RAND Corporation Associate Policy Researcher Jonathan Wong

They Used to Call Me 'Air-Nerd'

RAND Corporation Associate Policy Researcher Jonathan Wong | Zocalo Public Square • Arizona State University • Smithsonian

Photo by Aaron Salcido.

Jonathan Wong is an associate policy researcher at the RAND Corporation, where he focuses on military force development, including the role of new technologies, processes, and concepts in shaping how militaries fight. He served in the U.S. Marine Corps as an enlisted infantryman, infantry officer, and manpower planner. Before taking part in a Zócalo/Getty panel, “Is Civilization on the Verge of Collapse?,” at the Getty Center in Los Angeles, Wong spoke in the green room about his taste in bread, his love for surfing, and his nickname on the basketball court.

Q:

What’s the best book you’ve read in the past year?


A:

L.A. Confidential, which I had not read before; I was a big fan of the movie. Ever since my family and I moved back to L.A., I wanted to get to know L.A. a little bit more.


Q:

What’s the last board game you played?


A:

The Sneaky, Snacky Squirrel Game with my son yesterday. He got it for his birthday; he’s 4. It is ingeniously cleverly designed for a four-year-old. It’s complex enough that I’m not completely bored out of my mind, but it’s right for him.


Q:

I read that you’re a surfer. What’s your favorite break in Southern California?


A:

I try to be. It would have to be Black’s Beach in San Diego. It is hard to get to. You have to walk down kind of a narrow cliff. It’s even harder to get back up because you’re probably tired after that, but it is one of the best beach breaks in the continent of the United States.


Q:

Do you longboard or shortboard?


A:

Shortboard mostly. But I think I’m getting old enough where I’m getting more attracted to something bigger, wider, more buoyant. So I have a longboard, and I find myself using it more and more often now.


Q:

When do you wake up and what do you wake up to?


A:

Somewhere between 5:30 and 6 a.m., depending on how many times I hit snooze. I wake up to whatever the default alarm is on my iPhone.


Q:

Did you have any nicknames as a kid?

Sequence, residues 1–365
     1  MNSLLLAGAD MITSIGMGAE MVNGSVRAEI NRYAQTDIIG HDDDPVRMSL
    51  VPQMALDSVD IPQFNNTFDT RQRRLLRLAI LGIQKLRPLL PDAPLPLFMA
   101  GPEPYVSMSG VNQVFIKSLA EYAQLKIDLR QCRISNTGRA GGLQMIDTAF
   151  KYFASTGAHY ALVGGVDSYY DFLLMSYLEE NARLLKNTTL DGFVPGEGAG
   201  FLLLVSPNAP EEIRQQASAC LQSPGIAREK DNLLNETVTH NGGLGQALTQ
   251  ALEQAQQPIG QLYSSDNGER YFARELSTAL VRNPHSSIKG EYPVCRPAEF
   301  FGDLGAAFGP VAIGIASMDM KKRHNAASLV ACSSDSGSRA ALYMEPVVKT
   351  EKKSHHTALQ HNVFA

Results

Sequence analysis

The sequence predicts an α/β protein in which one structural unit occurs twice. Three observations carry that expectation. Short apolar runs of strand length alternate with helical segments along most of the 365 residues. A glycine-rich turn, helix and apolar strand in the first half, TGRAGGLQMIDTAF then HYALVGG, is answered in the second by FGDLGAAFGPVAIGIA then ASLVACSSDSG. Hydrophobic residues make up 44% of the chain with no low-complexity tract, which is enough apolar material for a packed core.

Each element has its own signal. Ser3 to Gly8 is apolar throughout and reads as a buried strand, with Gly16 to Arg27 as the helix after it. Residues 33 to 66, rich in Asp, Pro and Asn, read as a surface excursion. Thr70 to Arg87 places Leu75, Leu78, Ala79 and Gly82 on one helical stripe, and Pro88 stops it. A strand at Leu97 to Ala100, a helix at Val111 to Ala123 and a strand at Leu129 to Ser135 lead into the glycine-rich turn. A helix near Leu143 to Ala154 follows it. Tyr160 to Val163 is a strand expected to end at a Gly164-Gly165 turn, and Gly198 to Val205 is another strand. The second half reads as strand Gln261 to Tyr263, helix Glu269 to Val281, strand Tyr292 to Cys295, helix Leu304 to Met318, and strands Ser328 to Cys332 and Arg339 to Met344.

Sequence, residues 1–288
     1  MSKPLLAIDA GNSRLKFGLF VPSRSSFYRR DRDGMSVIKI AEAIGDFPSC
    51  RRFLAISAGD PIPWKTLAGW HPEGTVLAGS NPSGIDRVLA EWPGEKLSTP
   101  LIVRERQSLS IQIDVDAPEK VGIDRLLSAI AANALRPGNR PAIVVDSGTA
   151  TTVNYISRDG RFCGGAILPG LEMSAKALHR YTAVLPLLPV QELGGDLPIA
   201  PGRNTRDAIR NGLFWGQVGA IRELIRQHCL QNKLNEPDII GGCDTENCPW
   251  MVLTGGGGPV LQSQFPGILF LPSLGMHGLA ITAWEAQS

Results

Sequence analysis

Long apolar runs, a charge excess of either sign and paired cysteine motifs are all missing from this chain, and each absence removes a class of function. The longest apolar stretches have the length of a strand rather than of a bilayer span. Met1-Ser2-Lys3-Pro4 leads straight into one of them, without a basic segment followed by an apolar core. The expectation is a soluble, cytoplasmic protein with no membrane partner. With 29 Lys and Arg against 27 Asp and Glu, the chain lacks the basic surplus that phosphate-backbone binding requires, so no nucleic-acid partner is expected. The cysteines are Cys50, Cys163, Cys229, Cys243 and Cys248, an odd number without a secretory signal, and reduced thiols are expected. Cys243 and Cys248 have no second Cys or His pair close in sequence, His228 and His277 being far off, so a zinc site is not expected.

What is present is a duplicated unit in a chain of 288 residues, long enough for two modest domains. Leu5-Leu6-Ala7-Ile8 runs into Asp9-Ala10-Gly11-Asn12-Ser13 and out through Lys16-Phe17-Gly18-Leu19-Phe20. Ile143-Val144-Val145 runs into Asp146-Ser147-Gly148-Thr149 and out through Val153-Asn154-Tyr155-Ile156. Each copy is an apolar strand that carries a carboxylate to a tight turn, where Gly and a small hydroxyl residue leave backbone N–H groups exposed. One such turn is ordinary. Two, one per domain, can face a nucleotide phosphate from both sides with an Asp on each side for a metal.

A:

Yes. I’m reluctant to say so. I loved to play basketball when I was a kid; I don’t play anymore. They used to call me 'Air-Nerd,' because I started wearing glasses pretty early on. And uh, I had some pretty good hops for a fourth grader. I can’t believe I just said that.


Q:

What’s your greatest extravagance?


A:

This is gonna sound so bougie. There’s this bakery called Gjusta in Venice. … And instead of like the usual store-bought bread that most people get by with just fine, I insist on buying this extravagantly expensive but just deliciously good Gjusta bread. It’s awesome.


Q:

What was your most frustrating project?


A:

It was probably when I was a Marine and it was 2009 and we were getting ready to leave Iraq in a big way. And I was in charge of kind of transferring a lot of the civil reconstruction projects we had done to the Iraqi government. And it was just a lot of us military very-go-get-em, type-A personalities, and it was just not the way that things worked over there.


Q:

What do you do to decompress?


A:

I read actually. No matter how late at night it is, after I put the kids to bed, I get the dishes done, [and] I always spend about half an hour to 45 minutes reading. I can’t go to bed without it.


Q:

What was the first album you bought?


A:

Ha. Weezer’s first album. It was on cassette. It was at the Wherehouse, which no longer exists. It was pretty good. I don’t have the tape anymore, but I still listen to Weezer.


Q:

If you didn’t live in the United States, where would you live?


A:

Sydney; it’s like L.A. but cleaner and more awesome and kinda upside-down. I really love Sydney. I’d settle for Brisbane. It’s like the San Diego of Australia; great surfing, pretty awesome.